Skip to main content
| Karen Hamel

Facility Response Plans for Worst-Case Scenario Discharges of Hazardous Substances

Responsibility for preventing spills and having plans to clean up any spills that inevitably happen has been a key part of many EPA regulations for decades. Whether it is for the protection of air, land or water; safeguarding the environment begins at the facility level.

On March 28, 2024, the EPA finalized a new regulation requiring certain facilities that store hazardous substances to prepare worst-case scenario response plans (40 CFR 118). This is not an uncommon requirement. However, this rule is one of the first that specifically requires facilities to consider adverse weather conditions when planning for their worst-case event.

Rule Overview

The Clean Water Act Hazardous Substances Facility Response Plans Rule acknowledges that about 80% of facilities that store large quantities of Clean Water Act (CWA) hazardous substances (40 CFR 116.4) are located within ½ mile of waterways. Because of their proximity to water, these facilities often have the potential to cause serious harm to both drinking water and aquatic ecosystems.  

Affected facilities must be prepared to handle a worst-case scenario discharge. This means they need to have trained personnel and spill response materials available and ready for response. Facilities may contract response services, but those resources must be able to respond quickly in the event of a discharge.

Adverse weather events, including those caused by climate change, must be considered as facilities develop their worst-case scenarios. The term “adverse weather” is defined slightly differently than it is in the Oil Pollution Prevention Rule (40 CFR 112.2), and is intentionally broad because it is meant to encompass the different regional weather patterns that occur throughout the United States. Some of the factors that facilities may need to consider are:

  • Increased frequency and intensity of weather events
  • Temperature fluctuations
  • Rising seas
  • Storm surges
  • Inland and coastal flooding
  • Droughts
  • Wildfires
  • Permafrost melt (40 CFR 118.2)

Existing facilities have a 36-month implementation period to develop their plans, conduct training and gather response resources. Plans must be implemented by June 1, 2027. The rule also establishes implementation timetables for new facilities and existing facilities that become newly regulated.

Rule Applicability

Having a facility response plan that includes actions and resources for responding to spills in adverse weather conditions is a good idea for every facility, regardless of the volumes of hazardous materials they may store or use onsite. However, this rule specifically applies to facilities that meet all three following criteria:
  • Threshold Quantity: the facility has 1,000 times the Reportable Quantity (RQ) of any of the 296 listed CWA hazardous substances at 40 CFR 116.4 onsite at any time.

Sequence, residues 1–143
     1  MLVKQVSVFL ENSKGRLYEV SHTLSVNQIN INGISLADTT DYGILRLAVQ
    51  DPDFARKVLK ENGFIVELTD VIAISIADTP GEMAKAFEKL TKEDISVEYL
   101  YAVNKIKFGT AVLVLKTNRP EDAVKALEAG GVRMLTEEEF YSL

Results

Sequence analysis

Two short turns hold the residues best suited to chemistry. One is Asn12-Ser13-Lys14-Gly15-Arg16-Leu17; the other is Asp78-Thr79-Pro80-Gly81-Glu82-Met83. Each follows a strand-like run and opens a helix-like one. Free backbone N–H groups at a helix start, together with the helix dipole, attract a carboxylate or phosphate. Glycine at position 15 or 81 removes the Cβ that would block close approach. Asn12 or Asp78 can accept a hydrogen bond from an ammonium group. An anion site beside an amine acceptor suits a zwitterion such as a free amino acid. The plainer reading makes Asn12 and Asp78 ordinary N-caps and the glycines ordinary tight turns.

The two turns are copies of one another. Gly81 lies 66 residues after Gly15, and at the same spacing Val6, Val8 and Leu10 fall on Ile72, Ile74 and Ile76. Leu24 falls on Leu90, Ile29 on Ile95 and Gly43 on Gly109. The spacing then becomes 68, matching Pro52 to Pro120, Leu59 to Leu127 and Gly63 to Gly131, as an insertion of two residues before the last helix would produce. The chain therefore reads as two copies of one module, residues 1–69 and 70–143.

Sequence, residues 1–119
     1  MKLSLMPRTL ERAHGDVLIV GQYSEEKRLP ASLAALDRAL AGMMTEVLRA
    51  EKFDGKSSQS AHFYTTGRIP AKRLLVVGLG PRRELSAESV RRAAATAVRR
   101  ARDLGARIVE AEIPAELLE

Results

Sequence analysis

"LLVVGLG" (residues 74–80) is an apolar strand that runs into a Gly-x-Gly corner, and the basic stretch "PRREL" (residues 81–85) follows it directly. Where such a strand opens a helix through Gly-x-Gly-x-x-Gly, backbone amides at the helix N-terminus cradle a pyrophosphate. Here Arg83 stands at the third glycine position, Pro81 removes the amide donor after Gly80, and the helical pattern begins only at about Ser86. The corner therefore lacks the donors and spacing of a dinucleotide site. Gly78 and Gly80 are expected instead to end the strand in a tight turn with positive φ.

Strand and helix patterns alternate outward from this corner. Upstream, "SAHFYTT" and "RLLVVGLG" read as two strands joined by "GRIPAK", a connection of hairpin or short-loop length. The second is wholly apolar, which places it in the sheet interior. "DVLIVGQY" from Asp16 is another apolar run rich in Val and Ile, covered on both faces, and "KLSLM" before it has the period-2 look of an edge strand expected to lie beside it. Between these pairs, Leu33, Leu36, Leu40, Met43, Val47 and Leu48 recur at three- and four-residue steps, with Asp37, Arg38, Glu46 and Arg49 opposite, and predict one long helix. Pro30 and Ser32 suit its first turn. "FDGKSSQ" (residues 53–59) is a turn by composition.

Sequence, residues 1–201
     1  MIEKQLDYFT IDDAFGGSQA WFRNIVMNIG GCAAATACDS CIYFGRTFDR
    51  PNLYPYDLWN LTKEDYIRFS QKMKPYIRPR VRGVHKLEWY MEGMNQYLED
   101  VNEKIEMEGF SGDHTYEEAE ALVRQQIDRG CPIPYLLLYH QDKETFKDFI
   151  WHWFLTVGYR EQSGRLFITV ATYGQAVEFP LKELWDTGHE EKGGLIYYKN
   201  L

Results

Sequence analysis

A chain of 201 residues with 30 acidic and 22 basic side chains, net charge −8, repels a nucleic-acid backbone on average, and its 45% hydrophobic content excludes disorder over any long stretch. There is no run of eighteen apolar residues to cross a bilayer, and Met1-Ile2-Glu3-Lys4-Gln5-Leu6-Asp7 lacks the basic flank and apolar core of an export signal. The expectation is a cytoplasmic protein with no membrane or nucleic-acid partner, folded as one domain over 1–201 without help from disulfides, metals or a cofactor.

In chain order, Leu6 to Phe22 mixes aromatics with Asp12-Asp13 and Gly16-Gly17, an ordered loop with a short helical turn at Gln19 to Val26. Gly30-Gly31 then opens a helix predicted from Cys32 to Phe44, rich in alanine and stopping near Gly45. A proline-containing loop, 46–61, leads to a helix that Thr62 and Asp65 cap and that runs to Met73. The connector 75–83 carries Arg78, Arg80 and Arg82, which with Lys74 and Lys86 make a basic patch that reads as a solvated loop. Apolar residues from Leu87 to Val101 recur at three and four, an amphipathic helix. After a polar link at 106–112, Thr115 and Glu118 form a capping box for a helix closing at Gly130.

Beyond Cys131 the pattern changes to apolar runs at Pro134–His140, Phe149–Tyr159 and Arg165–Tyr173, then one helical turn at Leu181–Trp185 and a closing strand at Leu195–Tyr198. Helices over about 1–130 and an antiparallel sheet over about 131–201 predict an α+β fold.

• Proximity to Navigable Waters: the facility is located within ½ mile of navigable waters or has a conveyance (ex. storm drains, pipes, channels) with an opportunity for discharge within ½ mile of navigable waters.
  • Substantial Harm Criteria: a discharge could cause injury to fish, adversely impact a public water system, cause injury to public receptors (parks, recreational areas, docks or other public spaces); or the facility has a reportable discharge history.

Facilities that do not meet these three criteria may still become subject to regulation if the EPA Regional Administrator determines they could cause significant or substantial harm. Any member of the public or any federal, state or local agency may also petition for facilities to be considered if they have the potential to cause substantial harm to a waterway.

Some facilities with hazardous substances are exempt from this regulation because they are already required to have adequate prevention and response plans  to comply with other regulations including:

  • Equipment or operations of vessels subject to Department of Transportation (DOT) regulations
  • Equipment and operation of vessels subject to US Coast Guard or US Department of the Interior regulations
  • Transportation, Storage and Disposal Facilities (TSDFs) regulated by 40 CFR 264 or 265
  • Large Quantity Generators (LQGs) of Hazardous Waste regulated by 40 CFR 262
  • Underground Storage Tanks regulated by 40 CFR 280
  • Discharges regulated by a National Pollutant Discharge Elimination System (NPDES) Permit

Facility Response Plan Requirements

When the CWA was amended in 1990 to include the Oil Pollution Act (OPA 90) requirements, one of the chief objectives was to make facilities that use and store oil primarily responsible for responding to releases – not the public (using local, regional, state or federal resources.) Similarly, this rule requires facilities with hazardous substances to take the lead in response efforts.  

A facility’s response plan must:

  • Be consistent with the National Contingency Plan (NCP) and Area Contingency Plans (ACP);
  • Be updated periodically; and
  • Be resubmitted for approval every five years or when there is a substantial change at the facility

To facilitate both training of personnel and response efforts; facilities may adapt or amend existing plans to include the information required by this regulation.

An Emergency Response Action Plan [40 CFR 118.11(c)] must be kept in front of the plan or as a separate binder. This Plan summarizes the actions that the facility will take to mitigate discharges, lists notifications that will be made, outlines evacuation procedures and provides other critical information that is needed in the first two hours of a response.

Because worst-case scenario responses often require local, state and sometimes even federal resources to supplement the facility’s efforts; facilities must coordinate plans with appropriate Local, State and Tribal Emergency Response Committees/Commissions. Facilities need to maintain documentation of coordination efforts and are encouraged to use ASTM E3241–20 Standard Guide for Coordination and Cooperation between Facilities, Local Emergency Planning Committees, and Emergency Responders as a guide for their coordination efforts.